Осень

Осень

пятница, 1 сентября 2017 г.

120 years later: 3 days in Basel that changed the course of the Jewish nation

ByGOL KALEV

 August 30, 2017 13:17

 The journey that was embarked on in the First Zionist Congress was the beginning of a Jewish transformation.

In late August 1897, some 200 Jews from 17 countries arrived in Basel, Switzerland.

Dressed in festive formal attire, the delegates entered the municipal casino concert hall, which was decorated with blue and white flags for the occasion. They heard three knocks of the gavel that launched the Congress and then watched Dr. Karpel Lippe, the oldest delegate, make his way up the stage. He covered his head, and to the tears of the delegates, recited the sheheheyanu blessing, thanking God for bringing the Jews to this time.

In late August 1897, some 200 Jews from 17 countries arrived in Basel, Switzerland.

Dressed in festive formal attire, the delegates entered the municipal casino concert hall, which was decorated with blue and white flags for the occasion. They heard three knocks of the gavel that launched the Congress and then watched Dr. Karpel Lippe, the oldest delegate, make his way up the stage. He covered his head, and to the tears of the delegates, recited the sheheheyanu blessing, thanking God for bringing the Jews to this time.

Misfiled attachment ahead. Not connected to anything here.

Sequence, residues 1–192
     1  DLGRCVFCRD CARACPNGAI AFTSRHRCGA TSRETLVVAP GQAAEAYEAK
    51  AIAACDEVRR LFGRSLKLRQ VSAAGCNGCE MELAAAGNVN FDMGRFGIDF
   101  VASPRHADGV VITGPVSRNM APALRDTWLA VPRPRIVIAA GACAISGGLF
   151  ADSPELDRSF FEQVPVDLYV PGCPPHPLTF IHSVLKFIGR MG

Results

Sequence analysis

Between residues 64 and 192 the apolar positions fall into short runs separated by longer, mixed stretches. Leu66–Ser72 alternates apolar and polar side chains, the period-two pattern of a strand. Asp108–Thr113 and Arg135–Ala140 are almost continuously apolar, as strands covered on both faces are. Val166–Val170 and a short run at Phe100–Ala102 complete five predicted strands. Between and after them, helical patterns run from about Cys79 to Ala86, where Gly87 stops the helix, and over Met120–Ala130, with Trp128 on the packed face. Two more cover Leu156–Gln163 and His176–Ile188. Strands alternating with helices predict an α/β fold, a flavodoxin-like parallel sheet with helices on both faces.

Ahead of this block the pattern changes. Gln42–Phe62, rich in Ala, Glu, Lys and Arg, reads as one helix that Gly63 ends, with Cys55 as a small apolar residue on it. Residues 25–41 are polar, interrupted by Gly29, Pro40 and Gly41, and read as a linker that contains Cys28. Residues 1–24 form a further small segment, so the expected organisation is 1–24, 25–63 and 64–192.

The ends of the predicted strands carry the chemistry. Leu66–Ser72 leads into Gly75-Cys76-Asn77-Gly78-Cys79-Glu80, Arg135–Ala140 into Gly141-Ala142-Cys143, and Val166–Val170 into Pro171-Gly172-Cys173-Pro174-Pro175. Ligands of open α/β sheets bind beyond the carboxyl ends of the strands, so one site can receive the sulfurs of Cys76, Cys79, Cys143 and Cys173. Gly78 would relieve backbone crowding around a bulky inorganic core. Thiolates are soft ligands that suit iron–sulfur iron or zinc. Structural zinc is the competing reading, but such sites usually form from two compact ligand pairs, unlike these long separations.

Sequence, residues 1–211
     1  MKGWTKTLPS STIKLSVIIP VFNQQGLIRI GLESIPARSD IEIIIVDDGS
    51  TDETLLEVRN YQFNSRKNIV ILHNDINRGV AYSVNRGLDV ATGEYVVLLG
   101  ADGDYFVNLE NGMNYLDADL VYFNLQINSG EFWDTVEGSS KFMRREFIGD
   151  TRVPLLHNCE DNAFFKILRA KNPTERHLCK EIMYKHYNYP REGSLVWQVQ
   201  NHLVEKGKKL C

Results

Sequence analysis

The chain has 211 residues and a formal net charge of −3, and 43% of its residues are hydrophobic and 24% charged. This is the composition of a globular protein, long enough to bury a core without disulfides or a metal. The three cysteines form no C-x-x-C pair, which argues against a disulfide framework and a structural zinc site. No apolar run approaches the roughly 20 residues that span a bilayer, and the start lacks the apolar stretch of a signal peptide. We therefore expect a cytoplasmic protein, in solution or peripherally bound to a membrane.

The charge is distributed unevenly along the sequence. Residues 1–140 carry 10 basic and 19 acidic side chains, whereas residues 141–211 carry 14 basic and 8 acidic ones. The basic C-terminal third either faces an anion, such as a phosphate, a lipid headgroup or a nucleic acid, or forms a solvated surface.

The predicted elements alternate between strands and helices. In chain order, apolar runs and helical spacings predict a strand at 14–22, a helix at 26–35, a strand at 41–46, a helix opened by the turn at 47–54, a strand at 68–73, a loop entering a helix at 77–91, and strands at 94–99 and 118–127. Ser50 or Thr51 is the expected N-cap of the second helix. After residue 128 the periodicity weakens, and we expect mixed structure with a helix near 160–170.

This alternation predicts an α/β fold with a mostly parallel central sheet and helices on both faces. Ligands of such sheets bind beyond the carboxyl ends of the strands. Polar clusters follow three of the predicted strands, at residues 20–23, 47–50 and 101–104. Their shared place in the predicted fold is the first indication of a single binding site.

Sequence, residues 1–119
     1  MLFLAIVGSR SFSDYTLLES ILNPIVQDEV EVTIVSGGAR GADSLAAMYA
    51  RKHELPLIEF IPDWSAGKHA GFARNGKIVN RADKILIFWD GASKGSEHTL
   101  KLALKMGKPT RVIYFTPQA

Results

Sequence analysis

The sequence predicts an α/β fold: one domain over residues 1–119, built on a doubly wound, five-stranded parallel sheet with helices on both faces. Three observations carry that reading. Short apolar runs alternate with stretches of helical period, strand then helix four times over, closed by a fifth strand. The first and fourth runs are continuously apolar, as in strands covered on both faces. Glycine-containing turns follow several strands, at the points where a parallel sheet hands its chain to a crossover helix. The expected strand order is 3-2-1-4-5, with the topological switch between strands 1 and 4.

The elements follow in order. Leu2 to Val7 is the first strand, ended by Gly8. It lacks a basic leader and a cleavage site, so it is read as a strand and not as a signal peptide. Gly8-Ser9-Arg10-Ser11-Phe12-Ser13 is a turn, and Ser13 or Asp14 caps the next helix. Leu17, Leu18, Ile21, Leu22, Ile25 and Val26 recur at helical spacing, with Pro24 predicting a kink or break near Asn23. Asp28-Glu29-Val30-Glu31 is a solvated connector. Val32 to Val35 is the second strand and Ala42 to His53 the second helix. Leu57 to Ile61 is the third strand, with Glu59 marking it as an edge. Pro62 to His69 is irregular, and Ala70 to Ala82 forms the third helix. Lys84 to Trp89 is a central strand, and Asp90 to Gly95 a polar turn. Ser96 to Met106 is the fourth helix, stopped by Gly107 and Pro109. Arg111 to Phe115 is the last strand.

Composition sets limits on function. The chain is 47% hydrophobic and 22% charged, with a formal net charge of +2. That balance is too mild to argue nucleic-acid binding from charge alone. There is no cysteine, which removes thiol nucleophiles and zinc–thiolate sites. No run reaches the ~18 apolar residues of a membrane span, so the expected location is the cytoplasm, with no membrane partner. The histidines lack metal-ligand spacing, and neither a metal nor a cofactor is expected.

It is that abstraction, that ideology, that Herzl founded in Basel and which continues to serve as the bedrock of the Jewish state.

Herzl outlined such a vision in his opening speech. One of the delegates, Mordecai Ben-Ami, described the reaction: “For a few moments, the hall shook from the shouts of joy, the applause, the cheers and the feet-stomping. It felt as if the great dream of our nation, of 2,000 years, was now solved, and in front us stood Mashiach Ben-David.”

Right after the speech, the intense work began, turning the will of the people into actions: deliberations on national aspects, economic aspects, analysis of the conditions in the Land of Israel, reports of the state of the Jews in various communities, discussions about the revival of the Hebrew language, of Hebrew literature.